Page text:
During its own “lost decade” after 1993, Canada shaped up its finances and it has weathered the latest economic crises well. (Although it has now elected an Obama-like empty suit as Prime Minister.) New Zealand’s Roger Douglas in the 1980s and Germany’s Gerhard Schröder in the early 2000s cut into expensive welfare states. In all these cases, Mr. Siegel notes, center-left parties carried out painful reform. “They did this out of necessity.” Sooner or later, American politicians will face the “unavoidable” reckoning, he adds. “It’s not the mean tea partiers who force this. It’s the facts on the ground.”
This implies that while the moral impulse to reform is necessary, it is not a sufficient condition to achieve change. The Federal government and both political parties can shrug off outrage until a financial and/or political crisis brings the house of cards down. Perhaps the best thing about the budget deal is it brings the cliff a trillion dollars closer.

21 thoughts on “Is the Ryan budget the last gasp of the public employee unions ?”

  1. While I agree with your doubts of Ryan’s honesty; indeed my not inconsiderable ability to curse in several languages has been bested in an effort to adequately describe Ryan, McConnell, and the “Government’s Other Party”, we differ in one key aspect of the situation at the end of Tammany.

    At that point there was an opposing political power center ready to move in and take over.

    Right now, there is absolutely no difference between the goals, means, and enemies of the Democrats with a D after their names, and the Democrats with an R after their names.

    We are below the critical mass necessary for electoral resistance to the State regardless of provocation. There are two possible presidential candidates, maybe a half dozen Senators, and a couple of dozen members of the House, maybe, who oppose what is now a merged political machine. And the machine has declared open war on them.

    The times are now officially interesting.

  2. “until a financial and/or political crisis brings the house of cards down”: could that be, for instance, defaulting on debt by Illinois or Chicago? If default by a state or by a local government were to be big enough to collapse the house of cards, which states/counties/cities might it be? California?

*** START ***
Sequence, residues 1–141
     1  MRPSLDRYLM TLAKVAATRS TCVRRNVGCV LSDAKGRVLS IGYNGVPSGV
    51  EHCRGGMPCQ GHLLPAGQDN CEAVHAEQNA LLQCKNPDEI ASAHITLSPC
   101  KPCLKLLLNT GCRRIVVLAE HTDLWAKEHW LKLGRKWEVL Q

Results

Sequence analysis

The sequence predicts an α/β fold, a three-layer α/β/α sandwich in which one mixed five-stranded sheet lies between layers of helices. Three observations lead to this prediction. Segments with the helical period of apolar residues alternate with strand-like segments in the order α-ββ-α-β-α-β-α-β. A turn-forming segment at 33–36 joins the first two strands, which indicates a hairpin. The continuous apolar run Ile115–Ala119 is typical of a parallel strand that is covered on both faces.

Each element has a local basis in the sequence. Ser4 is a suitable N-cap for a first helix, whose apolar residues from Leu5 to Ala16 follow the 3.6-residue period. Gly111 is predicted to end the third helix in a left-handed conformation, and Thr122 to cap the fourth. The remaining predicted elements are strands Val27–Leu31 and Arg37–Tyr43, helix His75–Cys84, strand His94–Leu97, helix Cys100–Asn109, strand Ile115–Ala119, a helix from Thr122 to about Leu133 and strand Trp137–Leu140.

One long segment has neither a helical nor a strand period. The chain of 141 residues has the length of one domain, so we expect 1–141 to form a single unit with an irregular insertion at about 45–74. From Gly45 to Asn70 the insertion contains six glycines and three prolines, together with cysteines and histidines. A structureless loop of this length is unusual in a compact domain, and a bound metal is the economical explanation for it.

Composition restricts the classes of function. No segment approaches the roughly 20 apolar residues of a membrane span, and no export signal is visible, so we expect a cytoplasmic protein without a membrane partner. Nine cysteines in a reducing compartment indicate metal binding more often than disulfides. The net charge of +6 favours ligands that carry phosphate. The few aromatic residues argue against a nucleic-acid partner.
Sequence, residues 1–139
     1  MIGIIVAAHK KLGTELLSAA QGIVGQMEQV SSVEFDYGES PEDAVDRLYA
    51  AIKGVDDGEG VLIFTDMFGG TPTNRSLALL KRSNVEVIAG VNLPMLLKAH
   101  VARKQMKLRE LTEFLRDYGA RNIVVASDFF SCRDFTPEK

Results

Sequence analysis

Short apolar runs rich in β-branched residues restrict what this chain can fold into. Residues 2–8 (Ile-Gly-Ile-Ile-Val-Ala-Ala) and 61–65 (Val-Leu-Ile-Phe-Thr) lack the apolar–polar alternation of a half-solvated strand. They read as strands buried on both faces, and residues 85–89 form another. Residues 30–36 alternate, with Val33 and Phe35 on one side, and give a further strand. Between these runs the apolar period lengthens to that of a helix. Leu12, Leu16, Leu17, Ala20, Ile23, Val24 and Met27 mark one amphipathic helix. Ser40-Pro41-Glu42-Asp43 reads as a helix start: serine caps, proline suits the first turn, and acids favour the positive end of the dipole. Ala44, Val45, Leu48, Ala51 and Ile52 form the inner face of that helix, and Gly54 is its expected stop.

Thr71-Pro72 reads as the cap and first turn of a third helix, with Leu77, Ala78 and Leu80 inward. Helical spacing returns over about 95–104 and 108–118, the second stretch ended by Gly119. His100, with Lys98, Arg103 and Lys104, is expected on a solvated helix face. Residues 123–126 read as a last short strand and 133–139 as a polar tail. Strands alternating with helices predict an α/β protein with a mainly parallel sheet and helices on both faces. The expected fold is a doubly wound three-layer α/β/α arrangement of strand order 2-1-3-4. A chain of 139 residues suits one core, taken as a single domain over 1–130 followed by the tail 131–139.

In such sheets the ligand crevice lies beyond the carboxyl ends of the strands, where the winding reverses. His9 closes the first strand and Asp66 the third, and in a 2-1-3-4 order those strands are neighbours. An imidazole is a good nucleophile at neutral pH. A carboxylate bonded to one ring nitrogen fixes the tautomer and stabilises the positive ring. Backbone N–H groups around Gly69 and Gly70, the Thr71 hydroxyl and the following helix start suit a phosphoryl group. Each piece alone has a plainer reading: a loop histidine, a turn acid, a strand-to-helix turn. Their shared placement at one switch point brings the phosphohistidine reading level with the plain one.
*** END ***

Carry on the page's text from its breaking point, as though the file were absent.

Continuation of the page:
3. Puerto Rico will be key, and it will be within a month. Part of the Omnibus Sellout bill was an agreement between Pelosi and the Traitor Ryan to schedule a vote in January on a Federal bailout for all of Puerto Rico’s debts. This will be used shortly afterward as the precedent for other Democrat fiefdoms that are collapsing. Nationalizing the debt will hasten the end game, added to the next terrorist attacks and whatever further surrenders that the “Government’s Other Party” has in the pipeline.

    Anything to make a state of emergency attractive.

  4. And to think I had a window of opportunity to stock up on… stuff… that would last until Hillary’s nomination.

    I better call my stock broker again.

  5. Sir as noted there is no opposition among elected officials other than a few lonely voices – and we’re not talking our way out of this.

    The main reason we can’t talk our way out of this isn’t even their deep hatred of the rest of the country – not true of Tammany – or even distrust. It’s the catastrophic state of the nation’s finances. Washington owes the angry and potentially “rioting” very heavily armed mobs more money then they can possibly pay. At the other end of the power Axis we have New York and Finance who’s derivatives are as of 12/15 at $552 Trillion.

    That $552T figure is probably at peak compression-that’s all the trades they can get rid of thru options derivatives compression-a new industry in itself. In other words that is something like “principal”. Note below our friend ‘swaps’ with us more than ever and it’s interest linked swaps. $434T.

    Finance is dead and so is DC. They can’t quit.

    They can’t quit or talk their way out of this either. Greed was back there, this is survival. Their survival or ours. Neither one of us can talk our way out of this.

  6. Kudlow on omnibus: ‘This is a big political and economic mistake’

    I really miss Larry. When his TV show was cancelled it coincided with the country going to hell. I believe there’s a direct connection.

    The last 20 or so minutes of his podcast are worth listening to. I follow some very good energy analysts on Twitter, and they all agree that Ryan got taken for a ride on the deal to allow oil exports in exchange for extending wind and solar tax credits and flushing $3 billion down the UN climate commission sinkhole.

  7. And by the way, regarding Illinois Republicans, the breakdown of fiscal responsibilty, and the rise of Obama, this is important to point out:

    Two Illinois GOP congressmen voted against the omnibus.

    Hultgren represents most of Hastert’s old territory, so this is a good sign for this historically solidly conservative region.

    The other one, Lahood, was the subject of some previous objections (specifically from some conservative blogs trying to push one of their own columnists in the election) because of how he came to be chosen in a special election after his predecessor was indicted. Lahood just took office, so this is a significant and revealing beginning.